Ireland, England, Italy, and France are the four foremost countries that command my eternal endearment, each for different reasons, and yet, for all their distinction, they have had a great impact upon the way I am and think today.
Ireland is a place that is centred in my heart. It is the land of my birth, the home of my deceased parents before they married and had seven children and the graveyard of my ancestors. All people know where they were born, most know who both their parents were, but very few know the precise spot where they were conceived! According to my late mother, the very ground, near to The Metal Man in Tramore, County Waterford, is the place where I was conceived during the cold month of February 1942. Kilkenny is the county that my dear late father played soccer for and excelled in this sport before going on to play for the National Irish squad. The South West of Ireland is the geographical area that my maternal grandfather, William Fanning went on the run as an I.R.A. rebel during the immediate years following the Irish Easter Rebellion of 1916. The river up the Curramorgh in Portlaw, County Waterford is the place that a precocious young, girl two years my senior, took me skinny dipping one summer afternoon during a holiday back home to my birthplace when I was 16 years old and introduced me to 'love on the rocks'. Ireland is not only the land of my birth but it forms the very nature of my history, my earliest childhood memories and the clay of my character. My very first breath of life at my birth will remain preserved in my lungs and bloodstream of my body until I finally expel it on my deathbed. When I die, part of my ashes will be buried within the graves of my maternal grandparents in Portlaw.
England, forgive me Granddad Fanning, is the country that has given me the most since I arrived here at the early age of 4 years. England provided my father with work as a miner when unemployment in Ireland drove millions of migrants across the Irish Sea to the shores of England to secure a better and more prosperous life for themselves and their families. We obtained a lovely newly-built council house within five years of arriving in West Yorkshire on Windybank Estate, Hightown, and not unlike the migrants of today, all the Irish Catholics on the estate kept in close contact and supported each other through thick and thin during our earlier years here. England provided us with work, accommodation, education, and national health service access. As my mother used to say whenever my Irish nationalistic father would utter some uncharitable comment about the Royal family or some other English tradition, 'Paddy Forde, you ought to be ashamed of yourself. Everything we ever had in this world, we got in England. Shame on you!' Ironically, my paternal grandfather was an Englishman and it was my mother's father who had the I.R.A. connections. She was the parent who'd been reared in an Irish rebel household until her marriage at the age of 18 years, yet she was the parent who was eternally grateful to England for all it gave our family.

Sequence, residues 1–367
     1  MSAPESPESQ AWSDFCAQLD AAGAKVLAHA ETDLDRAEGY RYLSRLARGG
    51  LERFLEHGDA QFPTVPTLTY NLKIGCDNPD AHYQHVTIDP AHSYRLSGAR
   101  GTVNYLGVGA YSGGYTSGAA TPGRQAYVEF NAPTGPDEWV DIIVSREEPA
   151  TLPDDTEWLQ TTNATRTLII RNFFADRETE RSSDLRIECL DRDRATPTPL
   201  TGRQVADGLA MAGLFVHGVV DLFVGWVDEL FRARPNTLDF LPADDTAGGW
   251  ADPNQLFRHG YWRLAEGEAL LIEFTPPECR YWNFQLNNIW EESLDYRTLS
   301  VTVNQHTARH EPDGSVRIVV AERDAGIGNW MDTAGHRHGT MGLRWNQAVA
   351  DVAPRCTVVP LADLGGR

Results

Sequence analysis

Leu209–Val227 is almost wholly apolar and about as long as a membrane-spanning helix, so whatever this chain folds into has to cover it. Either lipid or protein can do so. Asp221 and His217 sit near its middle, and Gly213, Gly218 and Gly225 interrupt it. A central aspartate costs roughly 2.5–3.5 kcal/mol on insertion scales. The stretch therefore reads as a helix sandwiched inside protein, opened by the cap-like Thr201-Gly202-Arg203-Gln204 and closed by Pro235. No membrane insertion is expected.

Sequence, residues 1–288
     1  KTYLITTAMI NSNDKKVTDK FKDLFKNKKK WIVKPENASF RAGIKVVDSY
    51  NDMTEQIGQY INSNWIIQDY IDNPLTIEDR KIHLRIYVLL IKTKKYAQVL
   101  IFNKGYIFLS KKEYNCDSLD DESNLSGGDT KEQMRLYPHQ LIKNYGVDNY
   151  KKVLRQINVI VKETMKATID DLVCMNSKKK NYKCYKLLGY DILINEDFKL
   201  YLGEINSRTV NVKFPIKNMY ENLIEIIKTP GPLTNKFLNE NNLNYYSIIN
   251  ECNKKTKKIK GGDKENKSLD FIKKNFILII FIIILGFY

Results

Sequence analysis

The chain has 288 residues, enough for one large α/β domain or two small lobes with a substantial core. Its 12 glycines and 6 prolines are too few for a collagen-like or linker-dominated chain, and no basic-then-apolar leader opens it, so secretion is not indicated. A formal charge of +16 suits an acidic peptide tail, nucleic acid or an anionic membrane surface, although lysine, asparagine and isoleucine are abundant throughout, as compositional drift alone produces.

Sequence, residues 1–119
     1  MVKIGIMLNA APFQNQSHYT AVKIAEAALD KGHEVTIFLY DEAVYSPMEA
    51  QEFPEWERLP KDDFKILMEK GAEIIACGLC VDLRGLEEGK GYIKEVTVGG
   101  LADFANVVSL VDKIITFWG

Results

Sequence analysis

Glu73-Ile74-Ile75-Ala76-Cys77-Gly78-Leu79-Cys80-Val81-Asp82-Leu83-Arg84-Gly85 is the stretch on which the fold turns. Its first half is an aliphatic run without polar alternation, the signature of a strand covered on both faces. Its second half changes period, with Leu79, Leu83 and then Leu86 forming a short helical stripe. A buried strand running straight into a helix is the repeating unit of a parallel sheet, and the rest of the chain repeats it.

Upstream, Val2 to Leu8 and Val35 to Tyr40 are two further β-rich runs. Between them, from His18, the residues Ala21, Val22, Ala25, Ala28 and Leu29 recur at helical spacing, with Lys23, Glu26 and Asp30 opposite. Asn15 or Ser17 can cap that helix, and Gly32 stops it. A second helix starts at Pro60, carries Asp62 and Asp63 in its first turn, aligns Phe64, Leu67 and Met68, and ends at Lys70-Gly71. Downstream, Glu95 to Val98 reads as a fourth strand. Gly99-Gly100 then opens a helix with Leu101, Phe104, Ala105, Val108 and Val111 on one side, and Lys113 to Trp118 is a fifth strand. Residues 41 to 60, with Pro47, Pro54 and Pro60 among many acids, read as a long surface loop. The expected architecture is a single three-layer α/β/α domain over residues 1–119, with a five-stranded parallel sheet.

England is where my home will always be, while a place in my heart will always hold Ireland forever dear to me. It was within England that I enjoyed a full education up to and beyond university level. It was a West African surgeon working in an English hospital that saved my life at the early age of 11 years following a horrific traffic accident and when my multiple injuries were extensive and life-threatening. This single incident in my life shaped my attitudes towards non-white skinned people thereafter and reaffirmed my belief in fate and God. It was England that offered me the opportunity to become the youngest Youth Leader in Great Britain as well as the youngest Shop Steward in Great Britain at the age of 18 years. It was my research in England that led to me becoming the founder of Anger Management, one of the country's foremost Relaxation Trainers, a Mill Manager, a Probation Officer, an Author of 67 published books, along with making friends with hundreds of famous people on the national and international stage. It was in England where the locality, the county and the country gave recognition to my contribution to society by giving me a medal from the Queen for my services to the wider community of West Yorkshire, followed by two awards from the Borough of Kirklees Council for my services towards the local community. The National Health Service has literally been a lifesaver to me since the age of 11 years. The N.H.S. has saved my life six times with its operations performed on me and treatment given to me over the past 60 years. Even as I write this post, the care they have provided has already extended my lifespan three years beyond the average lifespan of people with my blood cancer condition.